The Pacific Flyway Center’s Future Rests on Measure T’s approval

Measure T, a local measure that will either halt or move forward the proposed Pacific Flyway Center, is on the ballot this November.

Measure T must pass with a majority vote (over 50 percent) from Fairfield voters in order for the non-profit organization, Pacific Flyway Fund, to move forward with its project. A “yes” vote will allow Fairfield to extend its city limits to include the project’s proposed site, near Interstate 680 at the Gold Hill interchange, and will also permit the city to provide essential services such as water, sewer and other utilities to the site – all of which the center has promised to pay for.



Passing the measure is the first step in bringing the educational facility and public attraction to Fairfield, which will allow visitors of all ages to explore the wonders of the Pacific Flyway and the Suisun Marsh. It’s estimated the facility could bring up to 500,000 new visitors to our area every year.





The Pacific Flyway is a 10,000-mile “superhighway in the sky” stretching from Alaska to the tip of South America. Each year, millions of ducks, geese and other birds travel the flyway on their annual migration.



Located at the heart of the Flyway, within the Suisun Marsh, the proposed Pacific Flyway Center is a 95,000 sq. ft facility that will include an interpretive center, theater and food services, as well as outdoor trails and boardwalks in managed wetlands. The 50-acre “Marsh Walk” will allow visitors to come face-to-face with waterfowl and other wildlife in the wetlands. Visitors will experience first-hand the magic that happens every day in the marsh.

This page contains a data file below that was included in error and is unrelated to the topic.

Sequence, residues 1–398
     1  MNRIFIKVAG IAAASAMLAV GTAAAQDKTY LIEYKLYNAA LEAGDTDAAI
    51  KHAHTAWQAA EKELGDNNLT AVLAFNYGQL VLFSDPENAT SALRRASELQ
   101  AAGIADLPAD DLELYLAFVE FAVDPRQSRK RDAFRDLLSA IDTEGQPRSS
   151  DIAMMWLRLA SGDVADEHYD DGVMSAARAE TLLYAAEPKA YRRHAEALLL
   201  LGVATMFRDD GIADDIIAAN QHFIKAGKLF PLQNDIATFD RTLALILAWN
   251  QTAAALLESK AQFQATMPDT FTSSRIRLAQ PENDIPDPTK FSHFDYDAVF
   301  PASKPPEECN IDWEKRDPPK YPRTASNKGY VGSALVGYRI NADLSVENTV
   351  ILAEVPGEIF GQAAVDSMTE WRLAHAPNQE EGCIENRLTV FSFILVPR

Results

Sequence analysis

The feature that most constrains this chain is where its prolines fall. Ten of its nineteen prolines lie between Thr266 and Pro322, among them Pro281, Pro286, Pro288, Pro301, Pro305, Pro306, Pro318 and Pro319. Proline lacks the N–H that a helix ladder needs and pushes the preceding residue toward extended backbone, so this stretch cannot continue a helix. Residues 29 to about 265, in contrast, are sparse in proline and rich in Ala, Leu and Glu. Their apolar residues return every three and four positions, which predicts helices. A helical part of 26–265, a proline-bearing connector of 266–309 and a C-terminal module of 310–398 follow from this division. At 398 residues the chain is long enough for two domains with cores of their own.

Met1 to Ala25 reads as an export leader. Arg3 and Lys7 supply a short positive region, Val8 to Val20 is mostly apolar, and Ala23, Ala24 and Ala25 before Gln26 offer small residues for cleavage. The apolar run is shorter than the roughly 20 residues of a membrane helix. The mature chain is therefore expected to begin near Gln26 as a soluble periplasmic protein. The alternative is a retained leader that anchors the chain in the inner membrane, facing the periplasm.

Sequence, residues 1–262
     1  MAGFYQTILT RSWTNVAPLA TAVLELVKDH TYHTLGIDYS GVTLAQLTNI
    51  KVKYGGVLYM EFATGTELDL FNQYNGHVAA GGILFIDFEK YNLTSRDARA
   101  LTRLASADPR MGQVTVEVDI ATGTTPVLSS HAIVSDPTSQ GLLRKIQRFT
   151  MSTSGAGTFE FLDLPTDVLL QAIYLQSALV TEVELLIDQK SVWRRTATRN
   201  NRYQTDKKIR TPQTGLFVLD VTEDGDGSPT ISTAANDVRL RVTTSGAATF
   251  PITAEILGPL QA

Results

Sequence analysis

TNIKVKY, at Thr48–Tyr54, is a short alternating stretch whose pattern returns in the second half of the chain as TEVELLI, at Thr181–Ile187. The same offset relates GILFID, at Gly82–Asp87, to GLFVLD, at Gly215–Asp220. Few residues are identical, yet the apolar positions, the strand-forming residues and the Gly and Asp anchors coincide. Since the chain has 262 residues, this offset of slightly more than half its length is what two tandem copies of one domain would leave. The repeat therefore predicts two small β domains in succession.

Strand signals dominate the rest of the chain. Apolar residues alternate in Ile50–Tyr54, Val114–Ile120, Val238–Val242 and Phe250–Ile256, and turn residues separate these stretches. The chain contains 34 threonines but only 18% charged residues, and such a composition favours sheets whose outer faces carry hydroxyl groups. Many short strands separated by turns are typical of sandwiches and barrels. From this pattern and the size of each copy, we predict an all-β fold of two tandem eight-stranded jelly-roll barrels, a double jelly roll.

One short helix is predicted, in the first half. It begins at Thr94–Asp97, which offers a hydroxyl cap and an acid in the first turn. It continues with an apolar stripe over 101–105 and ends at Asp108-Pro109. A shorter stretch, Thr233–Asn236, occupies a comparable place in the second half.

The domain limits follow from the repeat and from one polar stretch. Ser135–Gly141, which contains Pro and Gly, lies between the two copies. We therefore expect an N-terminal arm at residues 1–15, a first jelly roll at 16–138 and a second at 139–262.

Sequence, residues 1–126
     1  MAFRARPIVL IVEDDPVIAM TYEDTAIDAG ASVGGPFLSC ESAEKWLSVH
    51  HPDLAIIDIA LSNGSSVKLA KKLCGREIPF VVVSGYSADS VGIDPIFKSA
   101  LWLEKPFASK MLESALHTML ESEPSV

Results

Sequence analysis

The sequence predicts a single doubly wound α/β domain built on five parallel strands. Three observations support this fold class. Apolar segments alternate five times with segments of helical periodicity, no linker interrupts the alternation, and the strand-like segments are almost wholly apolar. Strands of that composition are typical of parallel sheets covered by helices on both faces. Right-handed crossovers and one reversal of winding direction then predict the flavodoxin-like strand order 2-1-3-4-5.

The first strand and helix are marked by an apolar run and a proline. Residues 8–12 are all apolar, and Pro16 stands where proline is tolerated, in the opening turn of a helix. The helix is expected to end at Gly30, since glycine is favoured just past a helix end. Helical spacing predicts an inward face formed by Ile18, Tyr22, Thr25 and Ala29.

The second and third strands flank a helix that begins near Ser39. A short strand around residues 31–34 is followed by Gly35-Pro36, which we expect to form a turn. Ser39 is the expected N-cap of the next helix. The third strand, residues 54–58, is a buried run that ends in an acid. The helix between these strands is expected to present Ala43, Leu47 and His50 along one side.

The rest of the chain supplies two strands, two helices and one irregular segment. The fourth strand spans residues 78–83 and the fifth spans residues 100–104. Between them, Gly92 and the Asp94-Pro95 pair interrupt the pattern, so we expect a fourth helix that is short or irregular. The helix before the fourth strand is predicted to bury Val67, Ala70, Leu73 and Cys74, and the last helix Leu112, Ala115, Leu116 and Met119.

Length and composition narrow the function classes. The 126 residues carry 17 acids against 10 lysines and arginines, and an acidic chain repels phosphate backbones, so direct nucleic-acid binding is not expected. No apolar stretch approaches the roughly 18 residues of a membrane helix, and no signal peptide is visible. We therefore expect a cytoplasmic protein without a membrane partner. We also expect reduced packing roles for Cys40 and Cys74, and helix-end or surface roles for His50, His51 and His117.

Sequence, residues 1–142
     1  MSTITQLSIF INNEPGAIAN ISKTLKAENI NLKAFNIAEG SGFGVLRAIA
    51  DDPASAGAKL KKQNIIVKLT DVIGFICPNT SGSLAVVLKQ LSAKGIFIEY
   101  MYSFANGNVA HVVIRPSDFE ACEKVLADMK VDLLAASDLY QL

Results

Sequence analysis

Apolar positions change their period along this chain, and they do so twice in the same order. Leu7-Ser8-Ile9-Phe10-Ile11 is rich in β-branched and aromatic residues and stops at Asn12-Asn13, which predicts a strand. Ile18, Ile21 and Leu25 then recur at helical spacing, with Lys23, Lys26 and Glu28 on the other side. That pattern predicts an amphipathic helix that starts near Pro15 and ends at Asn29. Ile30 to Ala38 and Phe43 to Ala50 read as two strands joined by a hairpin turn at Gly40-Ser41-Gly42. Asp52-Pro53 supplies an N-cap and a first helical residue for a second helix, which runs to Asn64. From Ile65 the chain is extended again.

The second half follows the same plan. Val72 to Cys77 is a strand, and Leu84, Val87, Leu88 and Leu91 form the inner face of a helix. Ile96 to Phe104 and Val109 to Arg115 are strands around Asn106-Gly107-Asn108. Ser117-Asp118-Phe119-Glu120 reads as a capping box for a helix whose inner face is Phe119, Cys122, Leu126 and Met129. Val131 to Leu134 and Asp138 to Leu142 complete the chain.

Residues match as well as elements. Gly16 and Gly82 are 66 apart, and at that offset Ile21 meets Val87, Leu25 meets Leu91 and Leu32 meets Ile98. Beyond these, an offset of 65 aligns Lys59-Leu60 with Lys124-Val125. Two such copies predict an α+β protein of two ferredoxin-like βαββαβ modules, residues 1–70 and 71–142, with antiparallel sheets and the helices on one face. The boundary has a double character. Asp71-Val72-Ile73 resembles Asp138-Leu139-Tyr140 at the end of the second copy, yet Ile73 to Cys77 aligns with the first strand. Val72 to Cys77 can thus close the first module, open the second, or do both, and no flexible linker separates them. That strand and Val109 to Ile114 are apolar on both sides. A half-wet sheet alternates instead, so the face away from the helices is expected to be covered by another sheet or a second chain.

The mission of this center is to inspire conservation of the Pacific Flyway while also educating children about the importance of wetlands and wildlife in the Suisun Marsh, the largest brackish wetland in the United States.





Early estimates suggest that up to 500,000 people may visit the center annually. The center will be open six or seven days a week, with 30 weeks of high season visitation planned in the fall, winter and spring. The center will be very family and education oriented, with 35 percent of weekday traffic and 15 percent of weekend traffic projected to be schools and tour groups arriving in buses. It’s believed the average visitor will stay at the center for approximately three hours.



Measure T is not a tax. The Pacific Flyway Center will be designed, built and operated by the nonprofit, Pacific Flyway Fund.



For more information: http://www.pacificflywaycenter.org/

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